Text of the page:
In the modern business landscape, the significance of data analysis cannot be overstated. It empowers organizations to uncover insights, make informed decisions, and gain a competitive edge by deciphering the hidden patterns within vast datasets. Data analysis is the cornerstone of strategic innovation and effective decision-making in today's dynamic markets.
At Doximity, data is crucial to the success of business operations, playing a key role in every step of the product development cycle. From determining the potential of new features to testing and tracking their performance, data analysts and business intelligence analysts are critical to Doximity's success.
Data analysts are equipped with powerful data analysis tools. While the variety of tools makes data analysis enjoyable, it still requires practice and self-reflection to create engaging analyses that cater to their audience. Here are a few tips for making analyses more compelling and useful.
Ask the right questions from your data
Every data analysis begins with an open-ended product question, which must be broken down into more specific questions related to the data. Taking the time to structure the analysis with well-defined questions can prevent analysts from getting lost in unnecessary details. Brainstorming early with colleagues and product managers can provide valuable insights and help identify and avoid potential data issues that could lead to flawed findings.
As an example, consider the open-ended production question - "Why is the engagement with component x of our app increasing/decreasing in the last 2 months?" Upon brainstorming, this leads to questions “closer” to the data, such as:
- Is this a local high/low or an all-time high/low? In particular, have we seen seasonality with this metric in recent years?
- Is there a competing component of the app whose engagement has gone down/up in recent times that is correlated with this component’s engagement going up/down?
Write readable code
Although coding as a data analyst may not be as strict as that of a software developer, adhering to certain rules can make queries less error-prone and easier to review. For SQL queries, using Common Table Expressions (CTEs) can improve code readability and ease debugging. Organizing Python code into functions reduces repetition, especially when generating multiple charts with slight variations in input data frames.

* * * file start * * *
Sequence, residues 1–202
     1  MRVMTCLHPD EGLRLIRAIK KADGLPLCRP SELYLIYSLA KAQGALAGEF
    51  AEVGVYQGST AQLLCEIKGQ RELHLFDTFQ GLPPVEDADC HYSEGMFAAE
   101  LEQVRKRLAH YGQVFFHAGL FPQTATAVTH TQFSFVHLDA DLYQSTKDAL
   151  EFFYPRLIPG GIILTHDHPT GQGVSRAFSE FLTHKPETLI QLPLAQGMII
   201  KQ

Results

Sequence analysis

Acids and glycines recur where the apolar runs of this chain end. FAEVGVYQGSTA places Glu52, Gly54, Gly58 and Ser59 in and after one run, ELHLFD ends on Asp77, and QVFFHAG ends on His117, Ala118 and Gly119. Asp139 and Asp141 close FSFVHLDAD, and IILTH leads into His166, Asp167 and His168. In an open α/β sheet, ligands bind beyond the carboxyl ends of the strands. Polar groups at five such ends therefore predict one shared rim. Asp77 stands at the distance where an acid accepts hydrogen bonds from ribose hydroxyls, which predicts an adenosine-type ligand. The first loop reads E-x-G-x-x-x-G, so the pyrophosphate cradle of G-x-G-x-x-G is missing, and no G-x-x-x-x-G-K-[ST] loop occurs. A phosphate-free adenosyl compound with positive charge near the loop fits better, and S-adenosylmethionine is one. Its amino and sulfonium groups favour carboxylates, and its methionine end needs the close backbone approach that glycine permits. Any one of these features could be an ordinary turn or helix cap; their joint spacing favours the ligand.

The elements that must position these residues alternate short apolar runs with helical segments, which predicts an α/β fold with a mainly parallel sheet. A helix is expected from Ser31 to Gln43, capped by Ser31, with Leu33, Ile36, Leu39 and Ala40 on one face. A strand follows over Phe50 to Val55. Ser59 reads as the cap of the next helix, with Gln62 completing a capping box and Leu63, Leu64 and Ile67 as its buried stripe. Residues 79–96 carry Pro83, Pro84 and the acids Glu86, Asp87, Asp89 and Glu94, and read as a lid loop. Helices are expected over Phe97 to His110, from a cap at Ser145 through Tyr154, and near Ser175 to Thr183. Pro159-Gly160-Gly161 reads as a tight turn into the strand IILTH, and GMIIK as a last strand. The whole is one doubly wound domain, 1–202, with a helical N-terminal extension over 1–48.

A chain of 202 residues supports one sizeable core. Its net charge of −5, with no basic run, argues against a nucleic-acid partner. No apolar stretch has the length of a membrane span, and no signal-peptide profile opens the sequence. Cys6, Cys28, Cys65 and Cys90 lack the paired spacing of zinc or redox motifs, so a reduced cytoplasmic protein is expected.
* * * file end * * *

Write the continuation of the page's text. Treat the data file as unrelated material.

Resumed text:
Breaking logical blocks of SQL into CTE’s makes code readable and easier to debug
Moving the code to generate charts into functions can reduce repetitive code
Visual representations are powerful
Selecting the right visualization for data analysis is a pivotal step in effectively communicating insights. It hinges on a nuanced understanding of the data's nature and the objectives of the analysis. Begin by comprehending the type of data you possess – whether it's numerical, categorical, or temporal – and the relationships you aim to highlight, such as comparisons, trends, or distributions. Consider the audience too; the chosen visualization should resonate with their level of expertise and help convey the message clearly. From bar charts and line graphs to heatmaps and scatter plots, each type of visualization has its strengths. Strive to match the visualization's characteristics with the inherent traits of your data. Ultimately, experimentation and iteration play a role – don't hesitate to try different options and refine your choices based on how effectively they convey insights, and aid in the decision-making process.
Add a summary of findings on the top (BLUF)
In military communications, BLUF stands for “bottom line up front,” meaning put the most important details first. To make analyses more reader-friendly, begin with a bulleted summary of the main findings. This allows stakeholders to immediately grasp the key insights without having to delve into lengthy analyses, acknowledging readers' time constraints while elevating the impact of the insights offered.
Give the user control of the narrative
Make the charts interactive by adding filters (e.g., date filters) to provide users with control over the data they want to explore. This feature encourages them to observe insights they may not have originally considered, promoting a collaborative approach to data analysis. We like to think of this as crowd-sourcing data analysis. 😜 At the same time, making a dashboard too “filter happy” can convolute usability of the dashboard, and at the back end, may have unintended consequences when various filters interact with each other. Striking the right balance requires engaging stakeholders in a dialogue to determine which filters prove most beneficial.
Iterate on the Analysis
Resist the urge to share analyses with stakeholders immediately after answering the initial questions. Data analysis is both a science and an art. Writing SQL queries can put us in a somewhat rigid and almost mechanical frame of mind, thus limiting our ability to think creatively. Therefore, taking a little more time to review and revisit the analysis with fresh eyes can lead to new discoveries and more creative insights. Consider sharing your preliminary findings with a peer for early feedback and additional ideas as well.
Take a leaf out of others’ notebooks
Encourage a culture of reviewing and sharing data analyses within the organization. Here at Doximity, we ensure that every analysis gets code reviewed by another analyst before it goes into production. This process ensures accuracy and adherence to best practices, while providing analysts with the opportunity to learn from each other and incorporate new techniques into their work.
In conclusion, mastering the skill of data analysis takes time, practice, reflection, and learning from others' experiences. By following these tips and continuously improving their craft, data analysts can make their work more effective and enjoyable.
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